The process of software development can be a long and tedious one because it involves understanding, building, writing and testing if what you have developed meets the objectives. There are different approaches that are used during software development including pair programming, unit testing, code convention, code review, test-driven development and continuous integration among others.
The difference is in the approach that you use to write and test the source code to verify if it is working as expected.
As you develop and test your software, you need to run automated tests to know how many units, lines, statements or blocks of your code are being tested.
The effectiveness of automated tests is determined by measuring the code coverage which is the percentage of your code that is not covered by automated tests and therefore likely to have defects.
To do this, you need code coverage tools that are compatible with the development language that you are using, and the following are some of the best open source tools for Java.
CodeCover is an open source glass- box testing tool for COBOL and Java that was developed in 2007. Glass-box testing technology examines program structure and derives test data from the code. This comes with many benefits including greater traceability, removal of redundant tests cases, increased test coverage and testing of adequacy metric.
It measures metrics such as statement, ranch, loop, term coverage, question mark operator coverage and synchronized coverage. CodeCover generates reports using template engine velocity and is integrated with Ant, JUnit, Eclipse and Jenkins.
Cobertura is an old but popular open source code coverage utility for Java that allows you to execute tasks through Ant, Gradle, Maven and CLI. It is based on jcoverage and is extensible so that you can create your own metrics and report formats although it is no longer actively maintained and does not support the current versions of Java.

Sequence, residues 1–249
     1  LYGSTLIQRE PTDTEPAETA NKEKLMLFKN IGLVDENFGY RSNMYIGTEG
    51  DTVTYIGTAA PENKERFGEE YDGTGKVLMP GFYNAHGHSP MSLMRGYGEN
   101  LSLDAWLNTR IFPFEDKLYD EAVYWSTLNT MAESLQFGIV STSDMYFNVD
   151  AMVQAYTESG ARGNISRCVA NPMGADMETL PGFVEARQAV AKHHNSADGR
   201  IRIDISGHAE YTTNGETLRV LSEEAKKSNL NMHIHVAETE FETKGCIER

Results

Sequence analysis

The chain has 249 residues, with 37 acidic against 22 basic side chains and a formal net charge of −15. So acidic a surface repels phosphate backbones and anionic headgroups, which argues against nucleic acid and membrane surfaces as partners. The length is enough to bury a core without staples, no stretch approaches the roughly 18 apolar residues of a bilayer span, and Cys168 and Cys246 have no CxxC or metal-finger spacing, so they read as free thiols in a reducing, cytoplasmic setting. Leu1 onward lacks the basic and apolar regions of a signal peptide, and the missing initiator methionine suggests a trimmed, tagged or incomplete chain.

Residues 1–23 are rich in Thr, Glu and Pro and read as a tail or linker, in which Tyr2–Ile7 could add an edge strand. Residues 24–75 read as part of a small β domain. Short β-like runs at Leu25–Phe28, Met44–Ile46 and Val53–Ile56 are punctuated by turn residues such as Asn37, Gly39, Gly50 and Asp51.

If you are finding it hard to work with, you need to learn a few Cobertura tricks that will make it easy to work on your own Java code base.
This is an automated acceptance testing tool that has code coverage as one of its features. Last released in 2016, it works by writing epics and stories for each behavior path which it monitors testing coverage for.
These stories produce executable specifications that are run on automated tests for execution and reporting. It integrates with a variety of tools including Jenkins, JIra, Sauce Labs, Appiumm, BrowserStack and so on.
Unlike other code coverage tools, PITest uses mutation testing technology described as the gold standard test coverage for Java and JVM. This means that it not only displays the number of lines of code that are tested but also how your automated tests are discovering bugs.
This is because it is able to modify your code before running tests on it. PITest integrates with Ant, Maven, Eclipse, InteliJ and Gradle.
EMMA was last released in 2005 and although it one of the oldest code coverage tools for Java, it remains popular. It supports many types of coverage including class, line, method and lock although like Cobertura, it is no longer actively maintained and does not support the current version of Java.
For this reason, JACOCO was created to replace it in powering the EclEmma plugin which integrates with many tools including Ant, Maven, Jenkins, Visual Studio and Gradle.
Code coverage measurements are very important if you want to understand the quality of your QA tests. Whether you are a single developer or part of a large team, there are numerous code coverage tools that are available for different programming languages and integrate with all tools in your toolset.